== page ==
This dissertation explores the role performance in museums might play through encouraging multivocality in the depiction and exploration of historical narratives in post-apartheid South Africa. The research is situated within the discipline of drama and performance studies, and focuses specifically on performing history in museums. In conducting this research, a case study approach has been adopted to examine the process of creating museum theatre. The main focus is on the self-devised, Performance-as-Research project, Our Footprints, performed in the Bergtheil Museum in Durban. Three other examples of museum theatre are considered, namely Brett Bailey‟s Exhibits A and B (2012 & 2013), This Accursed Thing (Jackson & Kidd, 2007) and the Triangle presentation (Talbot & Andrews, 2008). These examples are used to explore how performance can be employed alongside the traditional archive to bring history „to life‟ in museums. The theoretical component of this dissertation examines the manner in which performance and historical narratives are framed – using Erving Goffman‟s (1975) frame analysis. In addition, it considers how multiple perspectives can be promoted in museums through performance – using aspects of Mikhail Bakhtin‟s (1981/1994) theory of heteroglossia. The pre-existing case studies noted above offer different approaches and techniques for making museum theatre which link to these theoretical ideas. Similar concepts are then explored in Our Footprints. Museum theatre uses performance in sites that deal with historical narratives and artefacts torecreate‟ the past through action. This study explores how offering the audience the opportunity „physically‟ to experience the past through „participating‟ in performance, and connecting history to their personal lives and memories, creates possibilities for learning about, experiencing and remembering the past. Through this study I contribute to the body of knowledge in drama and performance studies and museum studies by exploring the potential of museum theatre in post-apartheid South Africa to bring different – and, sometimes dissenting – historical narratives, into contact with one another, thus promoting dialogue through performance. Our Footprints is an original production in a new area of drama that investigates performance‟s role in exploring the past in the present.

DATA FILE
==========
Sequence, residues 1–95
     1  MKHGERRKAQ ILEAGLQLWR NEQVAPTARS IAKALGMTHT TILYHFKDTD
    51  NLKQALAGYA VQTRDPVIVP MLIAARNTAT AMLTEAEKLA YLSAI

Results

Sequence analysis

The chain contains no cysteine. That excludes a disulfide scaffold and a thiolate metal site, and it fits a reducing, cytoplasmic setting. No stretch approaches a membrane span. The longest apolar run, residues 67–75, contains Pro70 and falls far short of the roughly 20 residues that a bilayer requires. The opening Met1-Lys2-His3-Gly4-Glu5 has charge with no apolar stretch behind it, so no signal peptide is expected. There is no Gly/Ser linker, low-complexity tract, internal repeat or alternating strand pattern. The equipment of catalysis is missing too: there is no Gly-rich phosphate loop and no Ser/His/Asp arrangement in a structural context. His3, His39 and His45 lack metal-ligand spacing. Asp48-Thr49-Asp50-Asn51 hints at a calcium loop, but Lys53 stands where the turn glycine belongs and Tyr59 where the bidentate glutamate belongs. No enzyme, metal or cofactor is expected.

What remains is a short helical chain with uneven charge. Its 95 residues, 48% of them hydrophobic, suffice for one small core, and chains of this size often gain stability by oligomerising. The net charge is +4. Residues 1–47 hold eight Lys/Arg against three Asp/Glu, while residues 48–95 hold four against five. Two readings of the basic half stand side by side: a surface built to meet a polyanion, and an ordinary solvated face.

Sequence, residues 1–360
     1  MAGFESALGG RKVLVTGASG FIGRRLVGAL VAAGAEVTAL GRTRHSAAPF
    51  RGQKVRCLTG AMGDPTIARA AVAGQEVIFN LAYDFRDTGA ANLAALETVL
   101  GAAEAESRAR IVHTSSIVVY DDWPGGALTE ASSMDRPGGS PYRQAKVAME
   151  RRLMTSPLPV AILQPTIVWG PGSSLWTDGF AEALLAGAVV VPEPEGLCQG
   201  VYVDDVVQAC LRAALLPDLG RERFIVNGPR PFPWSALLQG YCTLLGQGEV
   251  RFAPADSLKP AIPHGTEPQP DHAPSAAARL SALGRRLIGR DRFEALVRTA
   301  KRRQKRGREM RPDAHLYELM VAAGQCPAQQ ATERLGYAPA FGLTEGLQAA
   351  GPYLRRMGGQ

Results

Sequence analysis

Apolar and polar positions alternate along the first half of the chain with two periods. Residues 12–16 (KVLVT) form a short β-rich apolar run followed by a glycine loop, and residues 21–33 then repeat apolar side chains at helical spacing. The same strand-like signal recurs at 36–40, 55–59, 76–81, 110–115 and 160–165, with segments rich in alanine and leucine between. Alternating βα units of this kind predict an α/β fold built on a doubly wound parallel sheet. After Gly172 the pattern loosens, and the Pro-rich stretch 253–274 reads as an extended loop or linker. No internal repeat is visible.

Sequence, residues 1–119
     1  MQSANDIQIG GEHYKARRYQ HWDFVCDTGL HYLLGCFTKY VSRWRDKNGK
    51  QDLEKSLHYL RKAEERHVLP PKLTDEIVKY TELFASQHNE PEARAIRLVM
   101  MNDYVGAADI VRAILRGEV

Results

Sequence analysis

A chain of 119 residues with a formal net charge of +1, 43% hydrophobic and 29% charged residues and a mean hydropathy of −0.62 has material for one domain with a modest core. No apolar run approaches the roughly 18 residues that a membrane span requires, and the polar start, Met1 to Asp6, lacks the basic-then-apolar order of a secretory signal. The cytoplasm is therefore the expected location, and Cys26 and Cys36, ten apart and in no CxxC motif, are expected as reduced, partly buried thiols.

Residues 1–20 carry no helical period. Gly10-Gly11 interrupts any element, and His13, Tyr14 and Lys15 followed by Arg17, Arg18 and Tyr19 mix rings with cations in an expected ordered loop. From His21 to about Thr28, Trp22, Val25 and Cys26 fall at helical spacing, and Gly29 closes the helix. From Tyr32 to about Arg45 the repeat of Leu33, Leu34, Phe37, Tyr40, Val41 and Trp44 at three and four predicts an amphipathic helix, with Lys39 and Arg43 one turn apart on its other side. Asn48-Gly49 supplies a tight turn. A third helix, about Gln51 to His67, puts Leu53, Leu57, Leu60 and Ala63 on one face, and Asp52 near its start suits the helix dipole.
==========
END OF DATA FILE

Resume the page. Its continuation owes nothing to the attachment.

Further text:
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    Black feminism: A critique of the stereotypical representations of Black women in African-American Comedy Films: A case study of selected Tyler Perry films.
    (2018) Bvuma, Mercy Pheladi.; Wade, Jean-Philippe.
    The media has a potential to raise consciousness, and to educate audiences. It also has a responsibility to shape public opinions and attitudes, but film critics have found that the media, specifically television and films are often doing the exact opposite. Culture, gender, media and film scholars such as Young (1996) argue that the production of arts and culture still raises critical issues of sexism, racism, discrimination, domination and subordination. Black women have often been depicted negatively particularly in films. From the 1960s, particularly in the USA, Black women formed civil and human rights groups to challenge their White counterparts because of the racism, sexism and economic oppression they suffered in the hands of White men, Black men and White women. It was only then that Black feminists and film critics such as hooks, Hill-Collins and Gordon critically emphasized the issues surrounding the representation of Black women in films. The study reveals that Tyler Perry, a top Black American filmmaker, portrays Black women in a negative stereotypical manner in all three of his films selected for analysis. These films convey a message that Black women are weak, dishonored and uneducated, thus perpetuating the already existing stereotypes about Black people and Black women.
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    Reflections on self-realisation in art-based community development: exploring the impact of Caversham Centre and its outreach programs from 2008 to 2010.